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Announcing the Singleton Challenge

Announcing the Singleton Challenge

About a month ago, I made a post about what the singleton pattern costs you.  Although I stated my case in terms of trade-offs rather than prescriptive advice, I still didn’t paint the singleton pattern in a flattering light.  Instead, I talked about the problems that singletons tend to create in codebases.

Whenever I’ve talked about the singleton pattern, anywhere I’m blogging, the general response follows a typical signature.  It attracts a relatively large amount of shares (usually indicating support) and traffic (often indicating support) while generating comments (these often contain objections).  Generally, the response follows this pattern from Stack Overflow.  At the time of writing:

  • 1,018 net upvotes for an answer explaining why they’re bad.
  • 377 net upvotes for an answer explaining why they’re usually a mistake.
  • 280 net upvotes for them getting a bad wrap only because people misuse them (with a disproportionate number of mitigating downvotes).
  • 185 net upvotes for an answer explaining why they’re terrible.

It seems as though something like 80 percent of the active developer population has come around to thinking, “Yeah, let’s not do this anymore.”  But a vocal 20 percent minority resents that, thinking the rest are throwing the baby out with the bathwater.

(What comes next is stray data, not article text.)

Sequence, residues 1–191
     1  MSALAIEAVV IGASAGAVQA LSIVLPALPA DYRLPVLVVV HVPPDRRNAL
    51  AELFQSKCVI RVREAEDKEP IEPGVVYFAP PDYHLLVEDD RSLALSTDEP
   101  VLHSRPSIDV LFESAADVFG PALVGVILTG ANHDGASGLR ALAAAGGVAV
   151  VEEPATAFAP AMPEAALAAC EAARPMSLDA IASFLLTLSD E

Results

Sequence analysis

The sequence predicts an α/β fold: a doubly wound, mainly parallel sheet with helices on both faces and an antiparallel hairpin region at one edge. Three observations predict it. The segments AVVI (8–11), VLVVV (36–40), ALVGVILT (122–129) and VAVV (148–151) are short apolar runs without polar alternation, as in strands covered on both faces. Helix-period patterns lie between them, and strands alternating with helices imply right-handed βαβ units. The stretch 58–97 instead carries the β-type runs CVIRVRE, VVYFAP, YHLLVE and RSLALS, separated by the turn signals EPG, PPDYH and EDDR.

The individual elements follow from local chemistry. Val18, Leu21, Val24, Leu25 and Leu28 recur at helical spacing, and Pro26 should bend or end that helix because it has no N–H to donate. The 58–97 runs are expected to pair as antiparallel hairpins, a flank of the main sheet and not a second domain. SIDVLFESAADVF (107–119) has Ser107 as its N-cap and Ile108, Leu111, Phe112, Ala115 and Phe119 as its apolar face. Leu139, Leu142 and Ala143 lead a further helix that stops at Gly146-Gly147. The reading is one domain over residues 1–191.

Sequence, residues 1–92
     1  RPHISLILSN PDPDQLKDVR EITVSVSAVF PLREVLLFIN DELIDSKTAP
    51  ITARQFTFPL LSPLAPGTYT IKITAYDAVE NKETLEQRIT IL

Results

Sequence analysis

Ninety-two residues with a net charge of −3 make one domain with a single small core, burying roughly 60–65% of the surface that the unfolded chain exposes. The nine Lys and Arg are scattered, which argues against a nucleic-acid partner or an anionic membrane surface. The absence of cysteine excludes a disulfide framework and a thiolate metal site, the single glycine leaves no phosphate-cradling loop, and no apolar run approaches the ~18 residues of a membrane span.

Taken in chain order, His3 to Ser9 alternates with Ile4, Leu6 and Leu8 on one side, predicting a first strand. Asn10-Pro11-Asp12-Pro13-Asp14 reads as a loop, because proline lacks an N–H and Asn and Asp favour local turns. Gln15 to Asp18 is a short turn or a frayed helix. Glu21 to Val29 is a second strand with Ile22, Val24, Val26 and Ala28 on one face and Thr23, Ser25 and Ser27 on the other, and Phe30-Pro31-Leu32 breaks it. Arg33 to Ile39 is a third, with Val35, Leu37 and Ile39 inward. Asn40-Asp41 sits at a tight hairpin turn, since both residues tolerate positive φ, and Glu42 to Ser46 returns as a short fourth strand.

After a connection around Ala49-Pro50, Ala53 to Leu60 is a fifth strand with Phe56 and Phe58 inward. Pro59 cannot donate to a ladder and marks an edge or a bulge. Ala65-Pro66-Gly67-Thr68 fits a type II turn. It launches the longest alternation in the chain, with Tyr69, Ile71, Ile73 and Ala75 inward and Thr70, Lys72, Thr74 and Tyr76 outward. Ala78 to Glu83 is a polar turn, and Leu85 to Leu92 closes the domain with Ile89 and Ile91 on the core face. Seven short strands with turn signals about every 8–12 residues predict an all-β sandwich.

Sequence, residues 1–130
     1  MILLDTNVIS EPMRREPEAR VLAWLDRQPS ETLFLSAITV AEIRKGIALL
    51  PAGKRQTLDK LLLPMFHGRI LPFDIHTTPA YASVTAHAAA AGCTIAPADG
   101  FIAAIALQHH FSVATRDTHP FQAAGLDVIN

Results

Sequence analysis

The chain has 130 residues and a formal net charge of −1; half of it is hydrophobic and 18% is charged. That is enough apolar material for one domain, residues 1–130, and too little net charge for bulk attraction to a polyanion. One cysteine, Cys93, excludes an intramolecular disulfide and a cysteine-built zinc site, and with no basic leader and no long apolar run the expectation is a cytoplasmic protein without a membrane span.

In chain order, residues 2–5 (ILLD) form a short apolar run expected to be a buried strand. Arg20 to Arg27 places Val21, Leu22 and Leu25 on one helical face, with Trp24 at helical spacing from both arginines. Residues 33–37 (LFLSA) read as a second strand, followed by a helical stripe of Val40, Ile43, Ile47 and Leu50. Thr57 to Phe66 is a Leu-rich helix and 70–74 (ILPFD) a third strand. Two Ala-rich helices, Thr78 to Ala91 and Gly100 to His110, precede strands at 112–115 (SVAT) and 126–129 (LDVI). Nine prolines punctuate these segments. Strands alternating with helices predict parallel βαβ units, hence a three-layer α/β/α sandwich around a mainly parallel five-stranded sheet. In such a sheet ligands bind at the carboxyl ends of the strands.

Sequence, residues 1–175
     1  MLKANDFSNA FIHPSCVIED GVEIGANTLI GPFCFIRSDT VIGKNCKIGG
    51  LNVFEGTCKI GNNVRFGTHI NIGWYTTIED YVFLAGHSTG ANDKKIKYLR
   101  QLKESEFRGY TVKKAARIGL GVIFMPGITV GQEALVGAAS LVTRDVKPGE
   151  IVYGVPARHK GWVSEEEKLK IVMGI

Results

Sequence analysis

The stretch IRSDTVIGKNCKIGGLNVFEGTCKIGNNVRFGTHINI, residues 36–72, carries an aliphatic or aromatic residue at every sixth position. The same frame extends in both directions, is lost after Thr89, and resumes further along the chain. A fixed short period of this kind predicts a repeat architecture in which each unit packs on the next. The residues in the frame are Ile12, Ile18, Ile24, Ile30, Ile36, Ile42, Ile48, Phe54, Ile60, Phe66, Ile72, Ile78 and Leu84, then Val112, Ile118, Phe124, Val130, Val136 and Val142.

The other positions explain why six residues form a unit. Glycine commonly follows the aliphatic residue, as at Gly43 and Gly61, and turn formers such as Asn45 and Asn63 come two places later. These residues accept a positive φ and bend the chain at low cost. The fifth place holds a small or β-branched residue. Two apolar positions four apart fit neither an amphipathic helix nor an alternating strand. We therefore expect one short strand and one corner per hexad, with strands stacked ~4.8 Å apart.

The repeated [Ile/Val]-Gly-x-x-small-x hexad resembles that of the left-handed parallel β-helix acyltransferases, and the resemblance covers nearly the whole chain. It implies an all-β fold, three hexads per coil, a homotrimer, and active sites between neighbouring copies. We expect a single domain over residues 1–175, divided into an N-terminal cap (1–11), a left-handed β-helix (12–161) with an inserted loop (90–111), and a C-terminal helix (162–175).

Perusing some of the comments on the blog and discussion sites where it was shared, I found two themes of objection to the post.

  1. If singleton is so bad, why do DI frameworks provide singleton object instances?
  2. Your singleton examples are bad, ergo the problem is that you misuse singletons.

Today, I’d like to address those threads of criticism.  But not ultimately in the way you might think.

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Understanding Cyclomatic Complexity

Wander the halls of an enterprise software outfit looking to improve, and you’ll hear certain things.  First and foremost, you’ll probably hear about unit test coverage.  But, beyond that, you’ll hear discussion of a smattering of other metrics, including cyclomatic complexity.

It’s actually sort of funny.  I mean, I understand why this happens, but hearing middle managers say “test coverage” and “cyclomatic complexity” has the same jarring effect as hearing developers spout business-meeting-speak.  It’s just not what you’d naturally expect.

And you wouldn’t expect it for good reason.  As I’ve argued in the past, code coverage shouldn’t be a management concern.  Nor should cyclomatic complexity.  These are shop-heavy specifics about particular code properties.  If management needs to micromanage at this level of granularity, you have a systemic problem.  You should worry about these properties of your code so that no one else has to.

With that in mind, I’d like to focus specifically on cyclomatic complexity today.  You’ve probably heard this term before.  You may even be able to rattle off a definition.  But let’s take a look in great detail to avoid misconceptions and clear up any hazy areas.

Defining Cyclomatic Complexity

First of all, let’s get a specific working definition.  This is actually surprisingly difficult because not all sources agree on the exact method for computing it.